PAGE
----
Monday, Apr 21, 2014
Columns

On learning from the Internet


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It was recently suggested that, if I am really interested in facts about a specified subject, then I should check out a list of links to Internet sites. I was curious enough to follow a few of those links, until it became clear that they were nothing more than just another bunch of typically "academic" dissertations, from which spaced-out, professional students from liberal arts colleges share their hallucinatory flashes of brilliant insight with the ignorant, general population.

Among some of the things I learned, while following those links, was that Sen. John McCain had recently joined al-Qaida, during a secret ceremony, somewhere in Syria. Now, I honor the senator for his heroic posture while in a North Vietnamese prison, but other than that, I am singularly unimpressed by the man, or by his undistinguished military record prior to capture. That said, I find it defies rational, informed imagination to believe that he's now a card-carrying member of al-Qaida.

My brief research on those recommended Internet sites also turned up a report about how the United States government created the current, alleged, worldwide, terrorism threat out of thin air, so as to keep its citizens frightened and therefore increasingly dependent on government for security.

While thus "surfing the Internet," I also came across other classic examples of Internet "news" reporting. Surely you remember the powerful suggestion that President Kennedy was not shot by Lee Oswald, but rather by a deep-cover secret agent of the government itself. And then, if you believe what you read on the Internet, it was some of those same shadowy characters who planted explosives in the Trade Towers on Sept. 11, and then staged the diversionary, aerial attack show, so as to blame those evil-looking, bearded, Islamic terrorists.

Now, no one is more thankful for, nor impressed with, our mind-blowing advances in electronic communications than am I. Beginning in 1953, I was deeply involved in providing military commanders with better ways to communicate with their forces. In those early times, it was possible to have aircraft, armed with nuclear bombs, ready to take off but out of contact with responsible command headquarters, or for a radar station, detecting an approaching flight of unauthorized aircraft, to be unable to report that vital fact. The sudden arrival of computers, communications satellites, packet switching and the ARPANET (Advanced Research Projects Agency Net) was therefore the answer to a military communicator's prayers.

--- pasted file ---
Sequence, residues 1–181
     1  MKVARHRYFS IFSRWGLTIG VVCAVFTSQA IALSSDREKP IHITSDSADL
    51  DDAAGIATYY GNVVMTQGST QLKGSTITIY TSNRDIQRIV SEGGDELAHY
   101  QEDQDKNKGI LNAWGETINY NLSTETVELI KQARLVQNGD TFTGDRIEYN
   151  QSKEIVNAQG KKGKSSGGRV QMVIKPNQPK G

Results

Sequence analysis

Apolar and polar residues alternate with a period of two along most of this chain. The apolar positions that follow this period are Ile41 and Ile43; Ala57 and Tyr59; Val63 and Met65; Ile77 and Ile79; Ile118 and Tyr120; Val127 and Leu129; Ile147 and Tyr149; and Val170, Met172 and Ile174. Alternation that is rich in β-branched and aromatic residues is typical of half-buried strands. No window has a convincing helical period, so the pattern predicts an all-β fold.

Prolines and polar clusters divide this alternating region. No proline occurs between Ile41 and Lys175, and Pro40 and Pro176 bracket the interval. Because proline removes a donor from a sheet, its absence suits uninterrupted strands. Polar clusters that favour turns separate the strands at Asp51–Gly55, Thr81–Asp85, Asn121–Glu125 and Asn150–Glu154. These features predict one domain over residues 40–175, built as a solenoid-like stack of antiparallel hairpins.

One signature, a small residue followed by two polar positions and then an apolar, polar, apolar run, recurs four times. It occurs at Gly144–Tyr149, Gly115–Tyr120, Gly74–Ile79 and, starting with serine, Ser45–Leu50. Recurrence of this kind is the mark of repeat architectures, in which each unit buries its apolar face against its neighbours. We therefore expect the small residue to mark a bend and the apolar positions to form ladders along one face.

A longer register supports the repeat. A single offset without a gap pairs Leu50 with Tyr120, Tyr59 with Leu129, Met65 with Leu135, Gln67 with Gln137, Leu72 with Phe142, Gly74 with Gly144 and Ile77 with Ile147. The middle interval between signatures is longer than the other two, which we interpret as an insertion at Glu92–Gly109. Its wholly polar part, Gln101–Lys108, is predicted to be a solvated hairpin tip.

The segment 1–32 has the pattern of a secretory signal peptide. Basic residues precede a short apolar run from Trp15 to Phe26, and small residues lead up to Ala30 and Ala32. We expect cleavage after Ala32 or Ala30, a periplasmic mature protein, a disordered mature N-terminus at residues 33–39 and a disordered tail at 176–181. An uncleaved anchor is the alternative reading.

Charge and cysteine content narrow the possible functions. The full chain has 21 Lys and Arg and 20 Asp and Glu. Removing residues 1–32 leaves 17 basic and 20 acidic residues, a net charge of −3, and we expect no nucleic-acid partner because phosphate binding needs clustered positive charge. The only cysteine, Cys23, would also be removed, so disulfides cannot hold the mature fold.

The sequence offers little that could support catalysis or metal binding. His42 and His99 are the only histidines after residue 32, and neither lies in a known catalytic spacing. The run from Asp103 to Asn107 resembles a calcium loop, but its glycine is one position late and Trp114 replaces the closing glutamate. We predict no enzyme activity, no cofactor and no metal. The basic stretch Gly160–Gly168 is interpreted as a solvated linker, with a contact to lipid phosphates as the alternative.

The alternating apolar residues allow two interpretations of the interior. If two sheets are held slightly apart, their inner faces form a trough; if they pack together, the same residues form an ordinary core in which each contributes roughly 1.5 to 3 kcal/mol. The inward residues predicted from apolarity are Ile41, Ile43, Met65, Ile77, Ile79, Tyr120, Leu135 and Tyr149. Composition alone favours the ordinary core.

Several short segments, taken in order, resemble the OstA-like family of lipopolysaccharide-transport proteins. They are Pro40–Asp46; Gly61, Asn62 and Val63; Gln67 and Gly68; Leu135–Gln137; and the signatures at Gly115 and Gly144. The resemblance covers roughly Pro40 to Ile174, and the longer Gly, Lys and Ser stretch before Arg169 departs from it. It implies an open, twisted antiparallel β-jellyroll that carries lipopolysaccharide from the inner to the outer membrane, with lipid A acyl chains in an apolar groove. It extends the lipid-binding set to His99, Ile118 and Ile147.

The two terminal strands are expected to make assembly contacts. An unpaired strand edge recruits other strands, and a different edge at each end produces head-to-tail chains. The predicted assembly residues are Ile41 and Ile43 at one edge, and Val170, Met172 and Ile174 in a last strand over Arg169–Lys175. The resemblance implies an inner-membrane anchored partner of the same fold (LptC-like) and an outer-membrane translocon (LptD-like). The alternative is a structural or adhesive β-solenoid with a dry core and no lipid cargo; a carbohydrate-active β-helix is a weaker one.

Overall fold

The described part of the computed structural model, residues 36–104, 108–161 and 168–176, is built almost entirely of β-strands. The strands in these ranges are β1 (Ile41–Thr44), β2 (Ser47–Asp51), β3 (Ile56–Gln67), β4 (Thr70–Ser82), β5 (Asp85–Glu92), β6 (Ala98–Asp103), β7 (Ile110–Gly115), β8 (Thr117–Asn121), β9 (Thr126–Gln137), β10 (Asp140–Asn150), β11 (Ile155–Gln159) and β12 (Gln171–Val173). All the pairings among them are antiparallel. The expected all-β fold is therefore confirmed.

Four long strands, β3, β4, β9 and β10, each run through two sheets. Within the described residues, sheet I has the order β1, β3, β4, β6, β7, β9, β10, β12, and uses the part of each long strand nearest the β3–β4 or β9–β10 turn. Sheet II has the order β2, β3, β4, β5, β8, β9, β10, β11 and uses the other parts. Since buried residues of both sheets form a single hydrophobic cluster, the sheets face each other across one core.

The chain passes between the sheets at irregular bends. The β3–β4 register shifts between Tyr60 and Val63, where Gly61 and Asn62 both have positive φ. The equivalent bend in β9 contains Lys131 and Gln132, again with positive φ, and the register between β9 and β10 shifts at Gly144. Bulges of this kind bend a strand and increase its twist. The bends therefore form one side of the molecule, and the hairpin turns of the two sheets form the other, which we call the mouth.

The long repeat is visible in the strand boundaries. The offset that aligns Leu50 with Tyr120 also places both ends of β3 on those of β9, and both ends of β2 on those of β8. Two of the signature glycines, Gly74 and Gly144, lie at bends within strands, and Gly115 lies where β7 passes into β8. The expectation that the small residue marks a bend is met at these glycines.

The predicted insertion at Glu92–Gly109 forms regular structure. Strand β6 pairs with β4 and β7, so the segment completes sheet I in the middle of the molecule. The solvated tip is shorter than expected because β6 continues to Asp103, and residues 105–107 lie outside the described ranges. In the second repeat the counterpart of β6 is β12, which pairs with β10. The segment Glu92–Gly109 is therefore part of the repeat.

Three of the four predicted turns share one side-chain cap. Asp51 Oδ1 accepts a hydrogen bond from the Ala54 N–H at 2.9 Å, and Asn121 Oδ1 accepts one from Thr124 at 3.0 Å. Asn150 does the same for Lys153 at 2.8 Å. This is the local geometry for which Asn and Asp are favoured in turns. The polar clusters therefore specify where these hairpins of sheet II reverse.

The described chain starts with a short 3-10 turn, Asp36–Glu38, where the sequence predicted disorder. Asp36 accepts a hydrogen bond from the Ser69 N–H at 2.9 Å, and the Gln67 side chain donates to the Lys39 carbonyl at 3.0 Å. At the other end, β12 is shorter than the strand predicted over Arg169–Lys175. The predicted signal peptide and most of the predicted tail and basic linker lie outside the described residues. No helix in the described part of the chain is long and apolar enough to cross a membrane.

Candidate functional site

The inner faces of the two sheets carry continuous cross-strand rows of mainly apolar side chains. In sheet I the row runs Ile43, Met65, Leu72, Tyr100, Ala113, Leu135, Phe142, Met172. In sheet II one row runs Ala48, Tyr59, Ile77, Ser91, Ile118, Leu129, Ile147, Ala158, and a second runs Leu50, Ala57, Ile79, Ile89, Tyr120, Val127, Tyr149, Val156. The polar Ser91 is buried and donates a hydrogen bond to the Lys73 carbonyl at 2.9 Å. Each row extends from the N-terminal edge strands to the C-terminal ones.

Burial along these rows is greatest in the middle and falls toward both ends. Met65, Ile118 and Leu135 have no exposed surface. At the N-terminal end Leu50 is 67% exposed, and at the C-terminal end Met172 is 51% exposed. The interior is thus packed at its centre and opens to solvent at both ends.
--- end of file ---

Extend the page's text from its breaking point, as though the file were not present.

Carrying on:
I was part of the Defense Communications Agency's research center in 1975, when DCA took control of the ARPANET (from which came today's Internet). I worked with some of the earliest computers and obtained one of the first available personal computers (a Kaypro). As soon as possible, I connected that to the fledgling Internet and have made good and profitable use of the Internet for more than 35 years. I am now sadly disappointed to see how that major technological innovation has become used as much, or more, for social garbage - such as gossip, rumors, propaganda, personal promotion and pornography - than for constructive purposes.

I would never consider what I read on the Internet to be necessarily accurate or truthful; thanks also to digital imaging technology advances, pictures put up on the net are, all too often, intentionally deceptive and misleading. Print media are still our best source of reliable information: they do not, in general, publish far-out writings of persons, such as those who seem to really believe that NASA, and the hundreds of thousands of persons involved in the moon landing, all worked secretly to deceive the public by creating that monumental event on a sound stage, here on Earth. Publishers and editors of leading periodicals (with or without digital editions) work hard to protect their reputations for honesty and accuracy. Sure, politics, religion and other human biases are often evident in even the best of those, but by and large, they don't run stories based on inexperienced, academic opinion, or other hallucinations.

No, in spite of having, once again, sampled what's out there on the Internet, I'll stick with time-tested, proven, reliable, sensible and dependable publications, such as the Wall Street Journal, Time, Smithsonian, National Geographic, Foreign Affairs, Christian Science Monitor, National Review and The Week. But thanks for the suggestion.

Of Cabbages and Kings is a syndicated feature by J.G. Nash. Relevant comment may be sent to him at jgn@jgnash.com.

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